Learning From Last Year (Part II)

As promised, this is the second post in my analysis of last year’s elections. Here, I will turn to models that purport not just to predict vote totals, but rather to predict the actual outcomes of the election. I will use both a linear prediction model and the more sophisticated probit model. Before I get into the results, let me just say that while linear prediction may be the bête noire of statistics (it’s unbounded, meaning that it sometimes predicts negative probabilities or probabilities over 1), its predictions were as good as though of the probit, although interestingly each failed to correctly guess different candidates. For what we most want to observe (the borderline candidates), linear models really aren’t so bad. Well, with that brief digression out there, I’ll get to it (as before, I’ve cut things out, so email me if you want the data and/or details).

First, I’ll show the linear probability model:

![](http://img28.imageshack.us/img28/9985/screenshot20100310at415.png)
This is the linear prediction model for ASSU Senate elections.
The linear probability model essentially makes each increase in a given variable worth its coefficient in additional percentage chance of election (however, if you look at the constant term, they’re starting not from 0, but from -226.26 percent; this is almost entirely due to the minimum 100 petitions needed to be on the ballot, as 100*.02084-2.2626 = -.1786, a much smaller deficit). According to this model, each additional petition was worth a 2 percent additional chance at election and an SBS endorsement was worth an astonishing *50* percent boost. None of the other coefficients of interest were significant. If you’re wondering about the lower sample size, I honestly am not exactly sure what is up, but I will tell you that when I didn’t use a GLS correction, the coefficients didn’t change much, so the results shouldn’t be too skewed (SBS and Petitions were still the only significant variables, although their effects were slightly lower).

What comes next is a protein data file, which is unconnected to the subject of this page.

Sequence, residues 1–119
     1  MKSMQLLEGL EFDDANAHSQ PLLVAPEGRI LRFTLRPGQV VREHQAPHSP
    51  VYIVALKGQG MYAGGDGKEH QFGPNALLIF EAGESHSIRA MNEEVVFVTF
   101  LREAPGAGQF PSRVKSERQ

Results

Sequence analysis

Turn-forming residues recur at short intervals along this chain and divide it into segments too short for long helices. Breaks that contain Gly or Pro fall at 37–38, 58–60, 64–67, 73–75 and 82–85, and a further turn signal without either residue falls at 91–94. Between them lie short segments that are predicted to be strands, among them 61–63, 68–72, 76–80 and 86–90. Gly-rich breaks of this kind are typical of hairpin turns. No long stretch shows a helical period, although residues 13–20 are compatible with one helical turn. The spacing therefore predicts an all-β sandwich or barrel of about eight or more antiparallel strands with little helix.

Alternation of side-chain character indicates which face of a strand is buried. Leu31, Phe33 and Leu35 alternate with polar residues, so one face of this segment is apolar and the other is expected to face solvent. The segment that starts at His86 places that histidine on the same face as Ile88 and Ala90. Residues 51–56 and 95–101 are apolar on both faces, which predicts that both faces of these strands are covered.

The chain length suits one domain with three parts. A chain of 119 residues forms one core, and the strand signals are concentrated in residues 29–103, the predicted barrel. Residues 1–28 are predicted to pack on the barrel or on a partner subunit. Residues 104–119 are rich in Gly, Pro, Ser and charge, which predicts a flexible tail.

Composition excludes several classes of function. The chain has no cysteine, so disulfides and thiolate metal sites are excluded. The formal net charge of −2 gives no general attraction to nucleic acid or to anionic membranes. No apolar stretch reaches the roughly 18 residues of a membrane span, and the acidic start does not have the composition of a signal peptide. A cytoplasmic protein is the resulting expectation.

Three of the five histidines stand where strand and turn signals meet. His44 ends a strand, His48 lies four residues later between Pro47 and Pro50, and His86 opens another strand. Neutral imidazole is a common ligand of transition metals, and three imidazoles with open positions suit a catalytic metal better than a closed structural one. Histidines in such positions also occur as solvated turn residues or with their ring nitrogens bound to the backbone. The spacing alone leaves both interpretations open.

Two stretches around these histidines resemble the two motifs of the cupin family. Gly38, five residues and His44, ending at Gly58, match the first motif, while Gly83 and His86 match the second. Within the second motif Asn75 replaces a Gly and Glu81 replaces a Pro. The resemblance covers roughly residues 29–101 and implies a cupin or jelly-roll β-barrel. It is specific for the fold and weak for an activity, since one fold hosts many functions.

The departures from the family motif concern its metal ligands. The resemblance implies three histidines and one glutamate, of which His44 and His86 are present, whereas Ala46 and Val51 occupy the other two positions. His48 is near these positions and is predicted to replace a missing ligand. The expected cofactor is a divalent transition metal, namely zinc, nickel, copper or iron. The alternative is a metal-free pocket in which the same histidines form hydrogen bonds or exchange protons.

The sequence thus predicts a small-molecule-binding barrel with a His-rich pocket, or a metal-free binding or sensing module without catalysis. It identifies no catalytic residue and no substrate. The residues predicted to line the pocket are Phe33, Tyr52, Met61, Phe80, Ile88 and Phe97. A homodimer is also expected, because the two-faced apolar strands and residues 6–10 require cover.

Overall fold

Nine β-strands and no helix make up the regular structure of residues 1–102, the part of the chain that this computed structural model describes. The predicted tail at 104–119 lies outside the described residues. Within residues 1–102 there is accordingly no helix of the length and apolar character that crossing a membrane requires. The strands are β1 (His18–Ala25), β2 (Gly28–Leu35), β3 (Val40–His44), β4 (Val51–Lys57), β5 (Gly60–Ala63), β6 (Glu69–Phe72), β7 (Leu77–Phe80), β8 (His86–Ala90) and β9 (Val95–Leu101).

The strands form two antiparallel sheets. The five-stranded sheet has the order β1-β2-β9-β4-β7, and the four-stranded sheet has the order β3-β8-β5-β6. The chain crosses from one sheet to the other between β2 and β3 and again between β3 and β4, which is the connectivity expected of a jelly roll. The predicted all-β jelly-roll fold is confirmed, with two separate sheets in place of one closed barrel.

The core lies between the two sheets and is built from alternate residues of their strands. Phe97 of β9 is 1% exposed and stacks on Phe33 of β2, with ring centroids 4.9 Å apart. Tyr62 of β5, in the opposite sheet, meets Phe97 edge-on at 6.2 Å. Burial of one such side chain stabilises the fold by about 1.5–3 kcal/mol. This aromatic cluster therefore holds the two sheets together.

Now, the more common model, the probit result (as I linked above, the probit model is a model that uses a cumulative distribution function to achieve a bounded curve that never goes below 0 and never goes above 1):

![](http://img10.imageshack.us/img10/9200/screenshot20100310at437.png)
This is the probit model of the ASSU Senate Elections.
The first interesting thing to note here is that the only factor that remains significant is Petitions. Due to the incredible standard errors for SOCC and SBS, they are not at all significant (this is likely due to the tiny size of the data set; a larger data set would be far better). As a whole, the model does retain predictive value, however (pseudo R2 of .7783 and a prob>Chi2 of .0000).

The coefficients of a probit model actually tell us incredibly little, since the marginal effect of a change in any one variable is actually based on the other variables as well. With that in mind, I computed the effect of changes in certain variables for a freshman who is not endorsed by either SOCC or SBS:

![](http://img94.imageshack.us/img94/3144/screenshot20100310at448.png)
These are the marginal effects for changes in certain variables for an unendorsed freshman
What does this say? Even though SOCC and SBS were not significant in the probit model overall, for a freshman candidate looking to win, an endorsement from SOCC was worth an additional 64.255 percent chance to win, while an SBS endorsement was worth an incredible 94.27575 additional percent chance to win. The reason why these variables may not have been significant overall is likely because the endorsements did not have the same power for non-freshmen. So, if these results tell us anything, it’s for freshmen to find themselves a group!

I’ll finish this series with the predictions of the model next time.

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